Richard LaGravense’s script briskly inserts exposition into minor exchanges so as not to let the wheels spin. Populating the playground are plenty of colourful side characters, from Dan Aykroyd as Lee’s grouchy manager Seymour, to Scott Bakula’s Bob Black complete with a Village People handlebar moustache. Of particular note is Cheyenne Jackson as Liberace’s former lover Billy Leatherwood, based on actual protégé Vince Cardell, whose uncanny resemblance to Lee serves as a dark premonition.
“Do you know how many there have been?” Billy asks Scott bitterly. Soderbergh’s theme of the body as commerce in contemporary society is realised in the assembly line treatment which dictates Scott’s eventual fate as surgery-altered boytoy of Liberace. Scott is seen as his master’s property, fulfilling more than a few functions – companion, bodyguard, someone to take care of the animals. Liberace gives his tell when he refers to Scott as ‘Baby Boy’, precisely the same name as his dog (and winner of the Palme Dog at this year’s Cannes), which exists for him to adore and in turn dish out unbridled adoration.
“Everybody wants a piece of me,” says Liberace, “a piece of the action.” He may change Scott for himself, but Lee changes himself for the world; horrified at his appearance on the Carson Show, he calls up Startz for another round of surgery. Arguing with his manager Seymour about the amount of dates he works, Liberace expresses a weariness brought about by his worldwide distribution as a product for the masses, and one unhealthily steeped in self-repression masquerading as Catholicism. When Scott interjects in the tour scheduling, Seymour orders him to “stay out of my fucking business”, though the “business” is ironically directly linked to the sacrificing of Scott’s individuality. Without the twin forces of adulation and repression enforced on Liberace from his legions of followers, would Billy, Scott and whoever else have been subjected to their trials of objectification?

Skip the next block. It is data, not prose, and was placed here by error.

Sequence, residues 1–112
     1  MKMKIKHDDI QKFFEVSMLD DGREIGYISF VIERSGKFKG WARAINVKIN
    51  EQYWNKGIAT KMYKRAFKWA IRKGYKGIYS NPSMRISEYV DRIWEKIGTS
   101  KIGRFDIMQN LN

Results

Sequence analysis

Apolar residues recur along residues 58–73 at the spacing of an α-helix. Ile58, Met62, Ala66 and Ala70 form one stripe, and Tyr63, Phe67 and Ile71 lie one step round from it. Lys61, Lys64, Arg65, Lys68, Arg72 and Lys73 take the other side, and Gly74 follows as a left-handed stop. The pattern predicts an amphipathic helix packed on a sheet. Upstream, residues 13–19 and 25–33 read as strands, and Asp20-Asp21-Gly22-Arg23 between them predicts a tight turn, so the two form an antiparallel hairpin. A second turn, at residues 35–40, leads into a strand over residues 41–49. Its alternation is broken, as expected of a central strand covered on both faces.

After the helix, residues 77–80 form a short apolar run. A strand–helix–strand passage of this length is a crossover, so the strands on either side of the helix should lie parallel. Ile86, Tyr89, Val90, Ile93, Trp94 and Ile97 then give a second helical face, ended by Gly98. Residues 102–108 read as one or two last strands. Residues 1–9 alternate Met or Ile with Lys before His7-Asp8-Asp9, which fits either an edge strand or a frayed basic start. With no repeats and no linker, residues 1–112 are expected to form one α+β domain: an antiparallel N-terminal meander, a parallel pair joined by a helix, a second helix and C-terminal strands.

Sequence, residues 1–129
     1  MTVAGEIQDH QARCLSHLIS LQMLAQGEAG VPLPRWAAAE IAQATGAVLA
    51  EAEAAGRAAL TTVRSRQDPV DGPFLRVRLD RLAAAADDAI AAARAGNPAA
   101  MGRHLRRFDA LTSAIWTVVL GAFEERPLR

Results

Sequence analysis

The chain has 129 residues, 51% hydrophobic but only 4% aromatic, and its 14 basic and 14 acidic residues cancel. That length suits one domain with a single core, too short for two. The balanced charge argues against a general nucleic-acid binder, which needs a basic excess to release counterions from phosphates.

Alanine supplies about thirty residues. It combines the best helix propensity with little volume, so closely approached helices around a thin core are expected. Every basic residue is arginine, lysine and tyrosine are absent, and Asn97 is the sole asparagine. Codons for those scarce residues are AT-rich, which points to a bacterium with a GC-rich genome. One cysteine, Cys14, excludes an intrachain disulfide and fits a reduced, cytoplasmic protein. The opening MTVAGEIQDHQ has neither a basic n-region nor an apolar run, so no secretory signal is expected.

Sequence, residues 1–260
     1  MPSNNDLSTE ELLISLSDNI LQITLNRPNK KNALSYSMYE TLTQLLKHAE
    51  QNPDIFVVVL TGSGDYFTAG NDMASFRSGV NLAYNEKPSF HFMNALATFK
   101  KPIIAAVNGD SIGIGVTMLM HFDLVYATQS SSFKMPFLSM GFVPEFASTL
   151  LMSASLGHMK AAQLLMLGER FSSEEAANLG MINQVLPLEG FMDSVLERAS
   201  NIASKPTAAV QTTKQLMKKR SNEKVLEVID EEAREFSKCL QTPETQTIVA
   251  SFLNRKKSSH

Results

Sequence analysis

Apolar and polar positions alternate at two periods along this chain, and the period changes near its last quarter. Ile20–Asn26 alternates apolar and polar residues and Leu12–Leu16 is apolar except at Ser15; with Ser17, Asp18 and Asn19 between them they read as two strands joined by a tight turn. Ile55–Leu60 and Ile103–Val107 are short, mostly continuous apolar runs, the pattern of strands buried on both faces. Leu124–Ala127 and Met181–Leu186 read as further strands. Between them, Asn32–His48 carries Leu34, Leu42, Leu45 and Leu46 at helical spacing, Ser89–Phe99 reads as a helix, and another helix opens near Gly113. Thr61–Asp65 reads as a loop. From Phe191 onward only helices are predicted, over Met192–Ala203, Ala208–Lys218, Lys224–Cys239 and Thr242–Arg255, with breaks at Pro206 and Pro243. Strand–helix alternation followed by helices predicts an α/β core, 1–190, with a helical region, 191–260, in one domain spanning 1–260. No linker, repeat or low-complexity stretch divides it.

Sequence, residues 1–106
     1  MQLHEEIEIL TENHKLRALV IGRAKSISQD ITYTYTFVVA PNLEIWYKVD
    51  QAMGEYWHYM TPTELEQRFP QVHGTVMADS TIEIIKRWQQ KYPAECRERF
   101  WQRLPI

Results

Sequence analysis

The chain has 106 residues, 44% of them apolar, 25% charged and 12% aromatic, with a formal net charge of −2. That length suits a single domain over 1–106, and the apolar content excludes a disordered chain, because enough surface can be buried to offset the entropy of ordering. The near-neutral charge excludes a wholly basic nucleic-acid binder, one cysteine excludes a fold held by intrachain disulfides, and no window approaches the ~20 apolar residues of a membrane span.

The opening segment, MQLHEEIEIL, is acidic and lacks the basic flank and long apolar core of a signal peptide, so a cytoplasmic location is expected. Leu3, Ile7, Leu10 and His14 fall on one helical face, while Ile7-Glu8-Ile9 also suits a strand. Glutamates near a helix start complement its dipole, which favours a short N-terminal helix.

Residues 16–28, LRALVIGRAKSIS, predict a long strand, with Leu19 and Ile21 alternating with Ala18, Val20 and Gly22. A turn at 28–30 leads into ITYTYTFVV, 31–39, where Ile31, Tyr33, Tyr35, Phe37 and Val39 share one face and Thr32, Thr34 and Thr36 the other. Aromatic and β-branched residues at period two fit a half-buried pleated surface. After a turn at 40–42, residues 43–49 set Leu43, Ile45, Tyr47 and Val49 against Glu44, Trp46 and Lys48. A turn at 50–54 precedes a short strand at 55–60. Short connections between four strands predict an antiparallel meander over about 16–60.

Located predominantly inside an insular environment devoid of any social interaction, the film lives and breathes within the inner lives of Lee and Scott, taking advantage of its insider source material without taking too great a leap into the world which set the pair along on this chain of self-mutilation, of both the body and the identity. Does it suffice? One might argue that Douglas’ performance is compelling enough, and Soderbergh’s sumptuous digital photography, captured imaginatively from all conceivable angles, only elevates the material. But at its rawest, underneath the sheer beauty – the golden sheen, the nipped and tucked perfectionism – the linear biopic structure nevertheless plods along.